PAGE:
Further detail will be provided on these issues in the course of the present analysis.

i Procedural differences between Mexican and other jurisdictions and relevant evidence of infringement

While the process in itself remains practically the same as in the previous law, it remains quite different from those available in other countries, particularly non-Roman law countries. To begin with, all claims for patent infringement are to be tried with the MPTO, which renders the cases to be administrative processes rather than judicial instances. In addition, there is no discovery period under applicable law. Therefore, the plaintiff is to prepare the case thoroughly before the initial pleading is filed, without being able to avail, at this stage, information or documents in the exclusive possession of the defendant. The claim for infringement contained in the initial pleading of the case cannot be amended once filed. Therefore, it is necessary to include all arguments and evidence on which the case is supported, whether it be documentary evidence, expert testimony, official inspections or documents in the possession of the defendant that would be relevant to the case, as the MPTO can order the defendant to produce the same.

As noted above, all evidence is to be included with the initial pleading. The only exception to this rule for the plaintiff applies to documentary evidence in the exclusive possession of the defendant and that, once offered, the MPTO deems relevant to the case. If so, the MPTO would request said evidence be produced by the defendant, under the warning that if the same is not produced as ordered, the allegations of the plaintiff made in connection with the respective documents will be assumed proven. While there are certainly some concerns over the legality of this rule under Constitutional provisions, the courts have consistently accepted and supported the statute invoked to this effect.

ii Provisional measures (injunctions)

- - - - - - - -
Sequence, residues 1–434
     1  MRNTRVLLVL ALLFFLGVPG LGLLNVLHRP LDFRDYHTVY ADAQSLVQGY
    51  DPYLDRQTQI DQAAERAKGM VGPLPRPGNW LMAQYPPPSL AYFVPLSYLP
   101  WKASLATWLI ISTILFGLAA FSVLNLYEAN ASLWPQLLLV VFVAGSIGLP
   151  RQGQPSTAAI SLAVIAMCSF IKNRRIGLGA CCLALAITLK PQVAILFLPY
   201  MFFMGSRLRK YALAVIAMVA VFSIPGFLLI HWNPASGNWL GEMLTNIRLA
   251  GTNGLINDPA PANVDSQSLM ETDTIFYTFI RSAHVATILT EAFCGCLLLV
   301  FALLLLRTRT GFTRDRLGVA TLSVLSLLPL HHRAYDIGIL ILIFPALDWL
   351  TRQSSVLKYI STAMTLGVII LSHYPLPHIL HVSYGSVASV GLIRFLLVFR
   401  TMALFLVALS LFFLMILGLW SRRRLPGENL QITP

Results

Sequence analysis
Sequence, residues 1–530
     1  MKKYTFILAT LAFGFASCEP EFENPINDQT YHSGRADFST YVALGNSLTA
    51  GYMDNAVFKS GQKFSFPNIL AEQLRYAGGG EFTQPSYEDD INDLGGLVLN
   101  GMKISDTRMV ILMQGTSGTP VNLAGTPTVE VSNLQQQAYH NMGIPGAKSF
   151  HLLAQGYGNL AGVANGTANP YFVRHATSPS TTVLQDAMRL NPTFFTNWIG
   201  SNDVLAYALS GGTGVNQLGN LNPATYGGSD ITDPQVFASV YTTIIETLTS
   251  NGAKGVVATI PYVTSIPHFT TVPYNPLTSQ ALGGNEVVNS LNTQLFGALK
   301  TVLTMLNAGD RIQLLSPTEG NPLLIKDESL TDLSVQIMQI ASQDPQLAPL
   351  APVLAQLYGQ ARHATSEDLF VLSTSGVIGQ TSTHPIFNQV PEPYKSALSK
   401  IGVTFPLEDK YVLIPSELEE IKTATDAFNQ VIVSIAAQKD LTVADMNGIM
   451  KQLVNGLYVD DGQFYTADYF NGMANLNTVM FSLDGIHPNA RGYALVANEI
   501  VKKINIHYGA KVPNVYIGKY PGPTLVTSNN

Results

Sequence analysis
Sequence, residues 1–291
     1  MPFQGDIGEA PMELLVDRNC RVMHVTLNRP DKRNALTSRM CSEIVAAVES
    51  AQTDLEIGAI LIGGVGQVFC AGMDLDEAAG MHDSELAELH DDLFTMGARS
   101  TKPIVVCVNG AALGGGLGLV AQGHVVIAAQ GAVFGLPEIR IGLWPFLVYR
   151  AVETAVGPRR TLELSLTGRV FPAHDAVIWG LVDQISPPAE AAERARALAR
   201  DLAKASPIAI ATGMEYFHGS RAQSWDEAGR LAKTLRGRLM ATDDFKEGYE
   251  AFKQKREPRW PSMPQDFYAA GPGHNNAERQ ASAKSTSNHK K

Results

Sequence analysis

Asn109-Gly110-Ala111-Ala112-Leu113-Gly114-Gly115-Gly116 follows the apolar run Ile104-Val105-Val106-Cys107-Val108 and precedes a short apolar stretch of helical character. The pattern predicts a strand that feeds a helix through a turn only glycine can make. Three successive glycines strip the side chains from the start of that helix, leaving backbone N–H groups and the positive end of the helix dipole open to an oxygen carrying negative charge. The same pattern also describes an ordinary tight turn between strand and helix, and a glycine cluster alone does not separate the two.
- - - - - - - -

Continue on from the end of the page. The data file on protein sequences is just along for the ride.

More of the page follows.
Injunctions are not available under Mexican law in the form known in other jurisdictions. For instance, no judge in Mexico can award such measures and thus we are left with the figure of provisional measures on industrial property cases, as provided for in the FLPIP, and which are tried and ruled upon by the MPTO.

The previous law provided for two different forms of provisional measures, namely: an order to seize the alleged infringing goods, or an order under which the defendant is to immediately cease the alleged infringing activity, or both. It is relevant to note that this new law added the possibility for the plaintiff to request provisional measures over merchandise in transit while in Mexican ports of entry and on alleged infringing goods being offered for sale or sold in whatever virtual, digital or electronic means, known or not yet known.

Contrary to applicable rules contained in the former law that provided for a relatively simple process to be awarded provisional measures and an even easier and basically automatic one to stay on the effects of the same, the FLPIP now provides that the implementation and the eventual stalling of the effects of provisional measures will no longer be automatic and limited to the posting of a bond or a counterbond. The attorney assigned to the case at the MPTO will have to assess whether a ruling ordering the implementation or the lifting of the injunctive measures is to be awarded, taking into consideration the extent of the potential damages to either party, particularly assessing potential irreparable harm – the 'appearance of law' as it may be inclined to favour either of the parties – as well as potential violations to public order or common good. In a substantial and highly expected amendment to the law, injunctive remedy will now bear substantive content in which the parties will need to effectively address the merits in the given case before being awarded or stalled on provisional remedies.